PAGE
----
Until The US Fixes its Backwards Transportation Spending It Should Stop Building New Roads

Until the US Fixes its Backwards Transportation Spending It Should Stop Building New Roads

Hey, remember back when the US allocated $US305 billion ($435 billion) for roads we almost certainly don't need? It's no secret that the US needs a total overhaul of its transportation finance system, and a new movement wants a moratorium on all road-building projects until we get it under control.

Photo by Vitagasm

#NoNewRoads is a campaign by Strong Towns, the same group behind #BlackFridayParking. This very popular hashtag which crowdsources images of unused parking spaces in the US on the day after Thanksgiving, and America's chronic problem of building too much parking in general (in some cities, there are 3.3 parking spaces for every car!). The idea is if the spots aren't being used on Black Friday, the biggest shopping day of the year, then we don't need them at all.

Similarly, #NoNewRoads is asking Americans to document places where cities and states have committed to big transportation projects like widening freeways, which continue to degrade the quality of life in our cities without providing any tangible benefit. Most importantly, there is no evidence that adding capacity in the form of more lanes actually improves vehicular congestion — in fact, it makes it worse. And all at a tremendous cost for taxpayers.

How can the US fix this? Here's the basic pitch from Strong Towns:

  1. Let's prioritise fixing what we have. We should not build anything new until we've figured out how to pay to maintain what we've already built.
  2. Anything new that is built must not be the result of paybacks in a system of pork-barrel politics but the result of a rigorous, independent financial analysis.
  3. The users of the system should pay for the system. That includes those hauling freight as well as those hauling kids to soccer practice.
  4. We can't just keep building highways. Our approach to transportation has to acknowledge the limits of more road building and the benefits of alternative approaches.
  5. We cannot ignore the complex relationships — positive and negative — between the way we approach transportation and the impact that has on our cities, towns and neighbourhoods. Allowing these to continue as separate undertakings — transportation and land use in different silos — is self-defeating and economically suicidal.

Yes, yes, and yes. I would add, in addition to all that, that this kind of thinking sets us up very nicely for an autonomous future.

In addition to the manifesto, there's a neat tool which allows you to look at your own state's transportation funding. And you can check out some of the profiles over at Strong Towns of cities — and there are a few! — which have actually gotten this right.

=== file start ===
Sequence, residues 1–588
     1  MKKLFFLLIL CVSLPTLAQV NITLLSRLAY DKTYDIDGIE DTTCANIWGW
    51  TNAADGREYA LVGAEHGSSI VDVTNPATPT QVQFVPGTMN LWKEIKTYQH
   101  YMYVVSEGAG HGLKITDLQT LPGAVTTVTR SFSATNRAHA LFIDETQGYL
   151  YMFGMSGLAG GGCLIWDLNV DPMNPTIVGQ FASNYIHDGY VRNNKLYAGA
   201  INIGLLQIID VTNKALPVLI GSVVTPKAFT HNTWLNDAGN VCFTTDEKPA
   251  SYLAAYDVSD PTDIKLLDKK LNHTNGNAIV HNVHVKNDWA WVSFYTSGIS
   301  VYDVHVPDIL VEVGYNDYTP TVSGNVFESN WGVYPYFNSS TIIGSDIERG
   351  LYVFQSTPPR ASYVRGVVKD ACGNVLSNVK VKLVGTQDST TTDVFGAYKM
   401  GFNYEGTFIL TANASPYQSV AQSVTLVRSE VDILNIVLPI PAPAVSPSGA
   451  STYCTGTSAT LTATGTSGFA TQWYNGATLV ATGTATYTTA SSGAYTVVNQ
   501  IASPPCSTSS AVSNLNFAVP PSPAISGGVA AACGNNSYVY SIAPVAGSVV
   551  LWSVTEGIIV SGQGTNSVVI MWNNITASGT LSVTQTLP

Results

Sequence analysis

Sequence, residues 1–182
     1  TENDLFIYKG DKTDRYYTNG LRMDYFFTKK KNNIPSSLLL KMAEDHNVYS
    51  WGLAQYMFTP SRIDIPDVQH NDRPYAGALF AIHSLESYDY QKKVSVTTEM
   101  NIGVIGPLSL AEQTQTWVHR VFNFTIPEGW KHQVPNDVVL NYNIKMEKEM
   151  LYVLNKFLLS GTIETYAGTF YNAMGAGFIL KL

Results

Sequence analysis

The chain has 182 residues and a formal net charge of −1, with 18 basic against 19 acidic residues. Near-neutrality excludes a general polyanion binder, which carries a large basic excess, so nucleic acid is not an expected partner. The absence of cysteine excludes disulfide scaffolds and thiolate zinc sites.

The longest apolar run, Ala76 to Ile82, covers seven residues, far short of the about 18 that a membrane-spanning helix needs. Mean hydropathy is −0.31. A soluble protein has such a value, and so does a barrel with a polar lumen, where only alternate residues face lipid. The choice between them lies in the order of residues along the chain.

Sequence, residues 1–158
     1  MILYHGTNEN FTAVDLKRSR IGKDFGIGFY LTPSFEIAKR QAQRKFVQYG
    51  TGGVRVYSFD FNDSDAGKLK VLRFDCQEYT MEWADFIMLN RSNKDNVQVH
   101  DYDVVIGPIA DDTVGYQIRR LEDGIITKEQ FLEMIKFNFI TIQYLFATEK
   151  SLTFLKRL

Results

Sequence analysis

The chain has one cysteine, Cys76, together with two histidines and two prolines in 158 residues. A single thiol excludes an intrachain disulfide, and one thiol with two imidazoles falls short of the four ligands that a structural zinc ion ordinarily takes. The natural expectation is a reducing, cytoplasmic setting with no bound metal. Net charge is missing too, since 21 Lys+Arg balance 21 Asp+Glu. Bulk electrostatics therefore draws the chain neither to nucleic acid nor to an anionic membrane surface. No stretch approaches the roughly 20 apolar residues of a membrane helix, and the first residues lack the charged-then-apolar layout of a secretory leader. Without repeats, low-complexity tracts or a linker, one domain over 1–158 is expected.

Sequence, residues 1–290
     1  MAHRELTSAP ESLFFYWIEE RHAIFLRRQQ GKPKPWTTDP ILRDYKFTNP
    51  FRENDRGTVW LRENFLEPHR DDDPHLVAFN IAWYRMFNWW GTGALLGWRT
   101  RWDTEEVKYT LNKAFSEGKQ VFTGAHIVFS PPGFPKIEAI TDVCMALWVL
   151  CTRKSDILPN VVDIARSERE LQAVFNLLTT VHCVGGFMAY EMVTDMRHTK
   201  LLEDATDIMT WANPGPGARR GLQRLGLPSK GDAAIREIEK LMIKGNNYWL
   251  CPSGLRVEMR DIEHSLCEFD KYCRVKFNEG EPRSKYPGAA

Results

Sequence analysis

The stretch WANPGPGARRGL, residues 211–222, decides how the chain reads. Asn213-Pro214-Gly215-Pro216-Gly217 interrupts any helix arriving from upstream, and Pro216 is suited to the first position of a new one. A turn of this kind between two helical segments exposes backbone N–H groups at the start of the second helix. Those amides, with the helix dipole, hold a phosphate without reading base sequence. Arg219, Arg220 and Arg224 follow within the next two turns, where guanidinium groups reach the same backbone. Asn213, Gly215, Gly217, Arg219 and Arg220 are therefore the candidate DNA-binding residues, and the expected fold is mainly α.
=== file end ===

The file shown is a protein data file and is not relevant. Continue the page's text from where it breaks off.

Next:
[#NoNewRoads]


Comments

    Is the use of the word "backwards" correct in the article title? "Backwards" is an adverb, but it is being applied to the noun "transportation spending" not a verb. Shouldn't it be "backward", which is the adjective?

      http://www.beccatarsa.com/blog/wp-content/uploads/2014/05/grammar-nazi.jpg

        There's a "net law" which states that the person who first mentions Nazis during an argument automatically loses the argument ;-)

    Roads need constant fixing and attention and in a place as gigantic and population dense as the US that's a LOT of roads that need work. This looks like one of those idiotically simplistic initiatives by people who have absolutely no concept of the enormity of the thing they're talking about- Infrastructure in the USA is chronically underfunded, aged and degrading. Maybe the roads are lovely in the big, popular cities these whiners are from but in many, many places elsewhere they can be pretty bad.

    Last edited 01/02/16 10:48 pm

      I get the impression they're talking about new roads (actually, I just noticed it's in the title, and the hashtag - haha!) not about maintenance of existing infrastructure.

        From the article it seemed to me that the writers and the originators of the initiative just assumed that any funding would go to "new" roads, rather than knowing how the funding actually works.

          A quick look over the strong towns web site seems to indicate that the people involved in this have a fairly good handle on the economics of these issues. Their main point with regard to roads is arresting the constant building of brand new roads as an increasingly ineffective remedy to traffic congestion rather than looking at its cause. The first sentence on the web site mentions that the US is building more roads than it's willing to maintain. As far as I can tell, their perspective is roughly the same as yours.

    (top image) Meanwhile, the unemployed and homeless shall be used as speedhumps as a way of reducing unemployment figures... permanently.

    (man I wish we could annotate pictures like people can on the kinja based gizmodo US..)

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